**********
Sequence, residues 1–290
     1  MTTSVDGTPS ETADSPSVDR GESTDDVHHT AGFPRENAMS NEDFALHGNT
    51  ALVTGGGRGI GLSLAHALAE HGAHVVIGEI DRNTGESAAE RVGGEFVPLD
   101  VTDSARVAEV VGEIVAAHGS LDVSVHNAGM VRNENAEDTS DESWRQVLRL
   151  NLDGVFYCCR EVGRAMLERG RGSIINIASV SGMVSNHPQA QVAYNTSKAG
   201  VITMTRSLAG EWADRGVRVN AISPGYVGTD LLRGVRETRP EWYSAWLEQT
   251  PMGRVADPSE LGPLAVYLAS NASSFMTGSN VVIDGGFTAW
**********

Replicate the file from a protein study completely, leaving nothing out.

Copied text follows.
Sequence, residues 1–290
     1  MTTSVDGTPS ETADSPSVDR GESTDDVHHT AGFPRENAMS NEDFALHGNT
    51  ALVTGGGRGI GLSLAHALAE HGAHVVIGEI DRNTGESAAE RVGGEFVPLD
   101  VTDSARVAEV VGEIVAAHGS LDVSVHNAGM VRNENAEDTS DESWRQVLRL
   151  NLDGVFYCCR EVGRAMLERG RGSIINIASV SGMVSNHPQA QVAYNTSKAG
   201  VITMTRSLAG EWADRGVRVN AISPGYVGTD LLRGVRETRP EWYSAWLEQT
   251  PMGRVADPSE LGPLAVYLAS NASSFMTGSN VVIDGGFTAW